Speaker Nancy PelosiNancy PelosiMajor union that backed Biden in 2020 endorses Foy in Virginia governors race The Hill’s 12:30 Report: Biden navigates pressures from Dems Pelosi’s ‘9/11-type’ commission to investigate Capitol riot could prove dangerous for Democrats MORE (D-Calif.) said Thursday that President BidenJoe BidenFeds investigating Cuomo’s handling of nursing home outbreaks Overnight Defense: One-third of service members decline coronavirus vaccine | Biden to take executive action in response to Solar Winds hack | US, Japan reach cost sharing agreement On The Money: Biden faces backlash from left on student loans | Where things stand on the COVID-19 relief measure | Retail sales rebound MORE’s expansive immigration plan may be split up into individual pieces of legislation to pass Congress.
The remarks come after the introduction of the immigration proposal, which seeks to deliver on a list of Biden’s campaign promises, including providing a path to citizenship for the young people brought to the U.S by their parents as children, allowing immigrant farmworkers and those with Temporary Protected Status to swiftly obtain green cards and allowing undocumented immigrants to apply for green cards after five years.
The bill has garnered broad opposition from Republicans, though some in the GOP support specific aspects of the legislation, raising the prospect that the proposal could be broken up to deliver smaller victories.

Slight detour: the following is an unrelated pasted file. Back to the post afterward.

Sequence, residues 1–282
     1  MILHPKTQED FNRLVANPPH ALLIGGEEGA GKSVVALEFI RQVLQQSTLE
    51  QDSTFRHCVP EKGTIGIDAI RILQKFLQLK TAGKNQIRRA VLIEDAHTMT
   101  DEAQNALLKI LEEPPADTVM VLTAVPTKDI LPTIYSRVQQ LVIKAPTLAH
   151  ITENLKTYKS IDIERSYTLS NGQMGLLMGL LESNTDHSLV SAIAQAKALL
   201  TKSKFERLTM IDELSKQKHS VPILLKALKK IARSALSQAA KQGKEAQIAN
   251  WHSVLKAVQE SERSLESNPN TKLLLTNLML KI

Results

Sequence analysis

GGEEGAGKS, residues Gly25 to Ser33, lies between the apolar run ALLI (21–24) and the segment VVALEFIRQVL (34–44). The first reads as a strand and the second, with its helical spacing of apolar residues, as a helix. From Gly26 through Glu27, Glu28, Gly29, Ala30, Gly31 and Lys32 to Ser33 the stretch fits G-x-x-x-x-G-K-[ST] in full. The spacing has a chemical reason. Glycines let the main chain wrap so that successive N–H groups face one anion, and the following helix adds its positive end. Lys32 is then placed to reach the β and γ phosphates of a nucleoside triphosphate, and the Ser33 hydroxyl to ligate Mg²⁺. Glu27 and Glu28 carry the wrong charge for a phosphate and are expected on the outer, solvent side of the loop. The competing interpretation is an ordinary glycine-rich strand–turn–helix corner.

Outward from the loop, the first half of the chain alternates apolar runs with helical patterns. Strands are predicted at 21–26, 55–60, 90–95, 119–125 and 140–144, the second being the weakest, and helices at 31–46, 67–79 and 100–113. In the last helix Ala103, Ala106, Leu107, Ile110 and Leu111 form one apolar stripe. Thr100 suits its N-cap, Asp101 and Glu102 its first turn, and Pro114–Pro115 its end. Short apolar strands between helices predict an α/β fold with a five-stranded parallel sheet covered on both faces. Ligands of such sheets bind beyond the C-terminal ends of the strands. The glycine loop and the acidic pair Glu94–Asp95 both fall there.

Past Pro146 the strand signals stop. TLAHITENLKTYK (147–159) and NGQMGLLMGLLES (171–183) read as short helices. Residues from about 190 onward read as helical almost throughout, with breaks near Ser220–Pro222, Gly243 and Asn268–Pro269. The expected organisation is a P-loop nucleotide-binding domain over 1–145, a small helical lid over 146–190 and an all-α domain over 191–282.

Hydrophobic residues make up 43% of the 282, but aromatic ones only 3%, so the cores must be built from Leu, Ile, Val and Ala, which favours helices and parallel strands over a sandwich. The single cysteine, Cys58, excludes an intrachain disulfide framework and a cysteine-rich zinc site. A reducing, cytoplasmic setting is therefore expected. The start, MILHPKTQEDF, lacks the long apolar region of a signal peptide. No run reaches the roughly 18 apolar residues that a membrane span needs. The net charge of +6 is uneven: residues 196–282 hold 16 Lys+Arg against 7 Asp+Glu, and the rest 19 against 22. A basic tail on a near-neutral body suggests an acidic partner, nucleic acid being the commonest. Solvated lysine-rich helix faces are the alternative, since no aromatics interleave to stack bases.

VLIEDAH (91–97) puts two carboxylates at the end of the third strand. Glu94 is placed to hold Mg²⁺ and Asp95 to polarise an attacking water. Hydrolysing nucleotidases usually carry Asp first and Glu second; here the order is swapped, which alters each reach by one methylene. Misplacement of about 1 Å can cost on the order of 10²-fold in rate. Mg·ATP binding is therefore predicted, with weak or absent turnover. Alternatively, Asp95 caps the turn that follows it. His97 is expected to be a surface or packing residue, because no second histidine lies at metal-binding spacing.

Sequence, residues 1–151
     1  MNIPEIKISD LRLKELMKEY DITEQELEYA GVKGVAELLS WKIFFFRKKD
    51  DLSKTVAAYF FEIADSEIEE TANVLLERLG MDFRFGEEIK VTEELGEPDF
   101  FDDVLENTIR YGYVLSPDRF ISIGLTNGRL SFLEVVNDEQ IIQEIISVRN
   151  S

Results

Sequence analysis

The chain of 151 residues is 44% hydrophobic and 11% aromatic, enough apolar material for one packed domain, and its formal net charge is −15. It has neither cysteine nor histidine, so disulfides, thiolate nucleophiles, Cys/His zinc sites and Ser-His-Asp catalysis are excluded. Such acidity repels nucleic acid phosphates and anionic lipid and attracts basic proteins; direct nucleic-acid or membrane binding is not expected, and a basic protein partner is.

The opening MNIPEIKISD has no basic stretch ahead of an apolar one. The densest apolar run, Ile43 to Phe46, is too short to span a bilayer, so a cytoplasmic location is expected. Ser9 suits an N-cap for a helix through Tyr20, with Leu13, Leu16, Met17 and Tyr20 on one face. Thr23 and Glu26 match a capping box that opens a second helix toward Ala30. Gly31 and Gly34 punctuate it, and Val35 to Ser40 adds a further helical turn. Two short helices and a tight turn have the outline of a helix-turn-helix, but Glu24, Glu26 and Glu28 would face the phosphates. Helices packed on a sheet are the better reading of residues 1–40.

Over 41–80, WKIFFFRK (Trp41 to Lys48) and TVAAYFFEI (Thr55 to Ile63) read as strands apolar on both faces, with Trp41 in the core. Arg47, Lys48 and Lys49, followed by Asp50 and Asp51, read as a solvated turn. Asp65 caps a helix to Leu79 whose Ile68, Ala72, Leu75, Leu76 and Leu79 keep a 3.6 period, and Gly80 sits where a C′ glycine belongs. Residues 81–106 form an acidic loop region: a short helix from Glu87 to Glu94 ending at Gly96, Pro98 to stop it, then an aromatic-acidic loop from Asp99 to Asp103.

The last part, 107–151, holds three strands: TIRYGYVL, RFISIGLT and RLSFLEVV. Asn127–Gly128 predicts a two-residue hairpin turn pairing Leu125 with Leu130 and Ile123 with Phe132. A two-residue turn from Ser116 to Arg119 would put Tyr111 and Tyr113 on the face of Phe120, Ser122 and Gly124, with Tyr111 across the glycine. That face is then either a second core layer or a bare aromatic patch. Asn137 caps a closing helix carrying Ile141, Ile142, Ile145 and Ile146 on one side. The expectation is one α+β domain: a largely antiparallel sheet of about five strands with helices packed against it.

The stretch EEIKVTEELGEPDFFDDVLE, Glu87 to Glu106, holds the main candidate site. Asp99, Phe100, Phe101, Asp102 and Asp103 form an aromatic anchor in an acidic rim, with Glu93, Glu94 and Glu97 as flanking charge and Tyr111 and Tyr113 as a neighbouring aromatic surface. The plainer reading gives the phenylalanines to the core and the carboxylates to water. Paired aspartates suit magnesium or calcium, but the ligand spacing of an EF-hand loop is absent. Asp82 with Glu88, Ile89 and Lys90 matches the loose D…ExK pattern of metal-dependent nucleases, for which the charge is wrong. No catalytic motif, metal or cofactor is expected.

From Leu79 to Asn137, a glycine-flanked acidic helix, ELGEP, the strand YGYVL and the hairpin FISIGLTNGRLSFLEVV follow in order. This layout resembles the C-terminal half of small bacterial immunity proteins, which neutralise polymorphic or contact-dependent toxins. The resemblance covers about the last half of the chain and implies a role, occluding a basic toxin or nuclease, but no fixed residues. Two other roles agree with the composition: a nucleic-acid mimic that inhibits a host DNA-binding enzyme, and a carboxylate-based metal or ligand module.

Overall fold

“I salute the president for putting forth the legislation that he did. There are others who want to do piecemeal, and that may be a good approach too. That’s up to the Congress to decide,” Pelosi said at her press conference Thursday.
Pelosi said Democrats could seek to pass the bill through the budget resolution process, which would let the party avoid the 60-vote filibuster in the Senate and approve it with a simple 51-vote majority, but questioned whether the legislation would qualify for the process.
“There are people who are advocating for that, and the question is would that meet the Byrd Rule and those other kind of things,” she said, referencing a requirement that a piece of legislation has an effect on the federal budget and that it is not “merely incidental” to that effect in order to qualify to pass through reconciliation. “And if it would, that would be wonderful, because then we wouldn’t need the 60 votes.”
Biden has also reportedly expressed openness to breaking up his overall proposal to try to pass something through Congress, where Democrats have narrow majorities in both chambers.
Immigration reform bills have long languished on Capitol Hill over fierce disagreements between Democrats and Republicans over how to overhaul the way migrants enter the U.S. The issue further polarized lawmakers during the Trump administration after then-President TrumpDonald TrumpFederal prosecutors investigated Proud Boys ties to Roger Stone in 2019 case: CNN Overnight Defense: One-third of service members decline coronavirus vaccine | Biden to take executive action in response to Solar Winds hack | US, Japan reach cost sharing agreement Trump ‘won’t say yet’ if he’s running in 2024 MORE pushed for the creation of a border wall with Mexico and imposed stringent restrictions on immigrants and refugees entering the U.S.
Pelosi praised Biden’s immigration proposal, saying welcoming more immigrants would strengthen the country.
“Immigrants coming to our country, with newcomers coming with their new hopes and dreams and aspirations, with their optimism and determination to make the future better for their families, well, those are American traits,” she said. “And when they come here with those values, they make America more American.”